My car insurance, my other December insurance bill, isn’t expensive. I’ve got one car, and it’s paid for. I live in the Live Free or Die state, which means I don’t even have to have car insurance if I don’t want to, but I feel like I should, that it’s the adult thing to do. My car insurance is the liability kind, which means I pay roughly $250 a year to protect other people from my negligence. That’s it. Not bad. Every year I get a little older, and every year the cost of protection declines. I’m a (relatively) safe driver, so things haven’t spiraled out of control. It’s a formula I like. It’s also a formula I can afford.

My health insurance, meanwhile, costs almost the same each month as my car insurance costs per year. I am young(-ish), active, a healthy person in their mid-30s. I don’t smoke and, as a man, I’m unlikely to become pregnant, which means most of my current health risk is in unforeseen illness or injury. Over time that will change, but right now I’m a pretty safe bet.

And as a safe bet, I cost several hundred dollars a month to insure. As I grow older my medical risks will climb, which means the cost of insuring me will also climb. That’s a formula I understand, one I can’t do a lot about. I’ve even got a window into how much that risk rises: From last year to this year, my insurance went up 7 percent. Looking ahead to next year, I’m facing another 7 percent increase.

I’m not clear what the exact case is, whether my premiums are climbing because this year my age makes me 7 percent more expensive than last year, or if I’m actually the same risk but health care budgets are expected to expand 7 percent in 2017. Probably it’s some combination of the two, but either way 7 percent seems a lot. The U.S. economy didn’t grow 7 percent this year. I did not get a 7 percent raise for 2017. I doubt even my doctor got a 7 percent raise.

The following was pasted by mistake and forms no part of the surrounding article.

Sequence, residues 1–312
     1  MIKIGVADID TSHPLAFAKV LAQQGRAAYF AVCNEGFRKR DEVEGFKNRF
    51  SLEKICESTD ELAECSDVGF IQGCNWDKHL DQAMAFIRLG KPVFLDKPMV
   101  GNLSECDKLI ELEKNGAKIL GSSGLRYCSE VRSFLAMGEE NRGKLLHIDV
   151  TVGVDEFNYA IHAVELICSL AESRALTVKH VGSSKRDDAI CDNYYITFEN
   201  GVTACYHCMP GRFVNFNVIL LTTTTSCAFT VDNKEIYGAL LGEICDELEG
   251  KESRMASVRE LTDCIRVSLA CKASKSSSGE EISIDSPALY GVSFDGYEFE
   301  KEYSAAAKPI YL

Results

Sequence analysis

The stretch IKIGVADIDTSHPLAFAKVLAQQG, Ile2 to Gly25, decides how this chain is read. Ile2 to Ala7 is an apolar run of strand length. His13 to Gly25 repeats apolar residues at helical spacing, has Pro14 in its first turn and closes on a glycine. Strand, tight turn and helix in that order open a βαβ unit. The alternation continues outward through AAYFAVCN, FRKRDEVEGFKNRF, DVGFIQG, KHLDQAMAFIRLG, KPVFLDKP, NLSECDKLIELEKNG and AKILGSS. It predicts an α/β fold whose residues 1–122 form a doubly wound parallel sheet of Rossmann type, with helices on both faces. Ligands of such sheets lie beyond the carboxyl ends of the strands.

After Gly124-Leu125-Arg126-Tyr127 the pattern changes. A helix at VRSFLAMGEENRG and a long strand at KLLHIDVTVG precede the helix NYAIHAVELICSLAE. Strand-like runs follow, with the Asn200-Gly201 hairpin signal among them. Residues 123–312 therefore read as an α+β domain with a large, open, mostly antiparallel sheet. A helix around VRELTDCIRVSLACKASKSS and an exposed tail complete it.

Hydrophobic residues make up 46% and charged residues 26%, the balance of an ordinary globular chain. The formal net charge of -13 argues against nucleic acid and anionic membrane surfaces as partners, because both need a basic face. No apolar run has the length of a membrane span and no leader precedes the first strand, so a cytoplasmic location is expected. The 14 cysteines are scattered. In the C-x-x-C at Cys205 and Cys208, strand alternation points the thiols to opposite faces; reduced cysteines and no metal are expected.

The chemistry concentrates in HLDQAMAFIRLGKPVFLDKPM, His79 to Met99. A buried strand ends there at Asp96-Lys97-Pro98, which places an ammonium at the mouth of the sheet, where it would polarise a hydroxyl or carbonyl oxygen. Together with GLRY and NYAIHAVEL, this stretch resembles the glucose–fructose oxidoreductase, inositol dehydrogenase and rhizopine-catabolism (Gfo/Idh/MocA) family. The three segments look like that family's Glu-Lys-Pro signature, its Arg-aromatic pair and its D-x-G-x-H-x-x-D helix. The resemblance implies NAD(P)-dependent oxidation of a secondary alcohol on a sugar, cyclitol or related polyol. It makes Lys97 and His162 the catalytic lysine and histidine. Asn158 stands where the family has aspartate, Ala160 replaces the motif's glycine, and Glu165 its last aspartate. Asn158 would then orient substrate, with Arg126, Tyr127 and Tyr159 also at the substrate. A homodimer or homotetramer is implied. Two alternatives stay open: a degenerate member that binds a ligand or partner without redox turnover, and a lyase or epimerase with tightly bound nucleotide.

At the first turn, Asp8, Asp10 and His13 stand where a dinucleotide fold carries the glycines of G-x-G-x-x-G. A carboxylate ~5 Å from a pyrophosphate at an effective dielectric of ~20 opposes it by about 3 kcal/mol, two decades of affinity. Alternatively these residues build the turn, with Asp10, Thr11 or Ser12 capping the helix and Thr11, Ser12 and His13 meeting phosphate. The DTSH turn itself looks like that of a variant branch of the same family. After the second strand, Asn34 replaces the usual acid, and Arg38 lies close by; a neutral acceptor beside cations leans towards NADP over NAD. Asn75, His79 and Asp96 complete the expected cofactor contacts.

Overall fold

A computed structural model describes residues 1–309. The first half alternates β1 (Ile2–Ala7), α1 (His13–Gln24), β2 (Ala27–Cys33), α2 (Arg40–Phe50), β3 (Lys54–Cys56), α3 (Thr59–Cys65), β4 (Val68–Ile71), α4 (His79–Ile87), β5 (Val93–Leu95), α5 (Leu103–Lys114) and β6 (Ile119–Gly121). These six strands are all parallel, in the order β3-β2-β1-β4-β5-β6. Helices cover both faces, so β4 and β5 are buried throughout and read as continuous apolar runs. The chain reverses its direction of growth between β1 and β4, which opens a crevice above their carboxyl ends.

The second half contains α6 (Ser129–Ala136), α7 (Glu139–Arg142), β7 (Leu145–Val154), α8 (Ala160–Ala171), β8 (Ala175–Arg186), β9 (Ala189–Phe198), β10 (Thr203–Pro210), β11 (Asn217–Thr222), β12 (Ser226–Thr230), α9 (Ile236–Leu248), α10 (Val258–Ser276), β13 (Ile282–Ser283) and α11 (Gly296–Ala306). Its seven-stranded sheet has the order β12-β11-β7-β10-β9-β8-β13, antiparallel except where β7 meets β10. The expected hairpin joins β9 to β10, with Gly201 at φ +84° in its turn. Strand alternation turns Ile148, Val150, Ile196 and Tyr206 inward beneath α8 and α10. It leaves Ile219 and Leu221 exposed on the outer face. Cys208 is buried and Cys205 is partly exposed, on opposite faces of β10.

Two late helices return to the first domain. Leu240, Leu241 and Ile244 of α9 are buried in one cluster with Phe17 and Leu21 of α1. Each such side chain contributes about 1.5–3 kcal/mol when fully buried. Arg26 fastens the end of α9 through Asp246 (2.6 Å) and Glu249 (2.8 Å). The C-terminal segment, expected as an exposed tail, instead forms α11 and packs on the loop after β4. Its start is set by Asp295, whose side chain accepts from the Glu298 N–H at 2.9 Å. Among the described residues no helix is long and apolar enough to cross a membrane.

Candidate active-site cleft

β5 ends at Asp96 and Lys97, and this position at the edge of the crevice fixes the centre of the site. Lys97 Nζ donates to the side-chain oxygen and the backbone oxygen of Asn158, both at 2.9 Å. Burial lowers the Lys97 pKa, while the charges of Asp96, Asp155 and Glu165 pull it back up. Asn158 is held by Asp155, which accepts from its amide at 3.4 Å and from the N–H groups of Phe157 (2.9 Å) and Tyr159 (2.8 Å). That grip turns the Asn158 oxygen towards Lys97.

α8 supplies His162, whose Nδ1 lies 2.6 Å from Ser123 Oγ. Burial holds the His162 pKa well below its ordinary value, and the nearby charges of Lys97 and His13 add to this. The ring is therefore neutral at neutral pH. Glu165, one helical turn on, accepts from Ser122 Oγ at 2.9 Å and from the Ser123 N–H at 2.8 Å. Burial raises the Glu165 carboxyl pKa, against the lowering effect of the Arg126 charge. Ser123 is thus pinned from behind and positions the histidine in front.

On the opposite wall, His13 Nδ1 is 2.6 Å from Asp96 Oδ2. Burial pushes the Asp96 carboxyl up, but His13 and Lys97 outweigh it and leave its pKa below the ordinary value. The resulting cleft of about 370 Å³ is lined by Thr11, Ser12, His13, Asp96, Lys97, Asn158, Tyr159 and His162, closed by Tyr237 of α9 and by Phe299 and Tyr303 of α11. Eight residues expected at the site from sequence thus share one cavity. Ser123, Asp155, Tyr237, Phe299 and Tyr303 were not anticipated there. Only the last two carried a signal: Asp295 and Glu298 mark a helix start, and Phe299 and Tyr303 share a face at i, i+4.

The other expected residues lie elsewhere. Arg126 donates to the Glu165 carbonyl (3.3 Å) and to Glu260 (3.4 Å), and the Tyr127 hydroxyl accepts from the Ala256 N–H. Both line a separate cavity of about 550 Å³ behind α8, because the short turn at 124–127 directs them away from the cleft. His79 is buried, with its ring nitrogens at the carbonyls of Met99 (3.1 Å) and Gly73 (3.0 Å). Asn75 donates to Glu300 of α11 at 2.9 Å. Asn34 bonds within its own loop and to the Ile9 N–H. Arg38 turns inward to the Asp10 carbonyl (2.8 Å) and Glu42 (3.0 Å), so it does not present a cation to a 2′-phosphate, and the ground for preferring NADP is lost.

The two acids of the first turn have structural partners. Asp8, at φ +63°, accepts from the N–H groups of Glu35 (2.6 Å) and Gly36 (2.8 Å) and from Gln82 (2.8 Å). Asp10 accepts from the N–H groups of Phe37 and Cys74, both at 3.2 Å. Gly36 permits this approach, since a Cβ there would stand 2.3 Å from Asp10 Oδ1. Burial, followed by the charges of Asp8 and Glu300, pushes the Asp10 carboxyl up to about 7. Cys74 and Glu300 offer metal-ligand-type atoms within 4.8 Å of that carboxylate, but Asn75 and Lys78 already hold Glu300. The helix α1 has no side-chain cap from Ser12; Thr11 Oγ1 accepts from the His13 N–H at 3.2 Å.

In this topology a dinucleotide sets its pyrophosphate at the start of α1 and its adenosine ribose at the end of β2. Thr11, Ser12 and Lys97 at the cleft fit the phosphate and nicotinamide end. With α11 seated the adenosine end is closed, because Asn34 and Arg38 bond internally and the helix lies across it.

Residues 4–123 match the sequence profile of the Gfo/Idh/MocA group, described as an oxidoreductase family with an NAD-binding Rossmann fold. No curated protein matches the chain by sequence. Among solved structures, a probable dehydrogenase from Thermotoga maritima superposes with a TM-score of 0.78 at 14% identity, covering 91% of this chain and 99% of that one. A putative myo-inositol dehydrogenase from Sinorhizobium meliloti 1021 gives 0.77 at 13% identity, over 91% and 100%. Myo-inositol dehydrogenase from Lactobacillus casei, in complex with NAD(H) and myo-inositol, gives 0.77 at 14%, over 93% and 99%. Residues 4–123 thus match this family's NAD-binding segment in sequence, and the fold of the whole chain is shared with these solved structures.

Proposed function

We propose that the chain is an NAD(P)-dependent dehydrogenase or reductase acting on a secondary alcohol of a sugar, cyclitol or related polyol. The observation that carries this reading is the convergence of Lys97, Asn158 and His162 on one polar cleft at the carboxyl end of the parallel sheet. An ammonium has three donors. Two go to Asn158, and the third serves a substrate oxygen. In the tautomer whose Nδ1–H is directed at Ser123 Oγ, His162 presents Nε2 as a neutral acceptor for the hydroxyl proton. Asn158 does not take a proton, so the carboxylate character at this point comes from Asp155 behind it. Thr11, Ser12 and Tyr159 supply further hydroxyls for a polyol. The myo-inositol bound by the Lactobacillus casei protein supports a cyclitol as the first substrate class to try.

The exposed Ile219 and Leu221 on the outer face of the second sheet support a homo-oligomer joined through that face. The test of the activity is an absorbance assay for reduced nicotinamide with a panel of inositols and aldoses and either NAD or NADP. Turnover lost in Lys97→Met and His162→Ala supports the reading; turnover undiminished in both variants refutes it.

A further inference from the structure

So 7 percent. If this is a trend, we’re in trouble: A 7 percent increase compounded over time would make my premiums double roughly every 10 years. If I pay a nice round $200 a month today, I’ll pay $400 a month at in my mid-40s, $800 a month in my mid-50s, and $1,600 a month in my mid-60s, at which point the government swoops in with Medicare to offer some much needed financial relief.

What a model. If mortgages had the same cost implications no one would buy houses.

And 7 percent is an improvement; 7 percent is actually a slower rate of growth than health care premiums have been on in past years. Somehow we’re doing better, but even as we do better things are growing out of hand.

What to do? I know health care is a hot-button topic, one plagued by talk of death panels and government takeovers, but who wants to be paying $1,600 a month for basic health coverage when they’re 65? Maybe that’s the cost of buying our way into the modern era, of avoiding a time when tuberculosis and cholera were common ailments, but this doesn’t seem normal. It doesn’t seem sustainable. It doesn’t seem like something any of us can do for long.

Health care, however, is a monopoly business: You only have one life. You can’t replace it, and you don’t get another one. And for that life people can make you pay what they want.

President-elect Trump, meanwhile, is talking about repealing Obamacare. He’s promised to replace it with “something terrific.” I hope he does. Obamacare helped slow health care premium growth, but it couldn’t slow it to a manageable level. If Donald Trump can do that, if he can figure out a way to live in the modern era without simultaneously edging us all towards bankruptcy, I will applaud him.

But it is important to realize our modern lives exist within a monopolized industry. Health care is a monopoly business, and as with any monopoly, government has to have a hand. And judges can’t just go trust-busting here like they did with Standard Oil. Health care is a complex new version of monopolization, one built on technology and science as much as the Hippocratic Oath. Doctors and nurses and pharmaceutical companies and hospitals and all of it are diverse actors, a non-traditional monopoly, part of America’s sub-7-percent growth. Figuring out how to unwind its intricacies to make “something terrific” that is also affordable will take nuance, thoughtfulness, a delicate touch.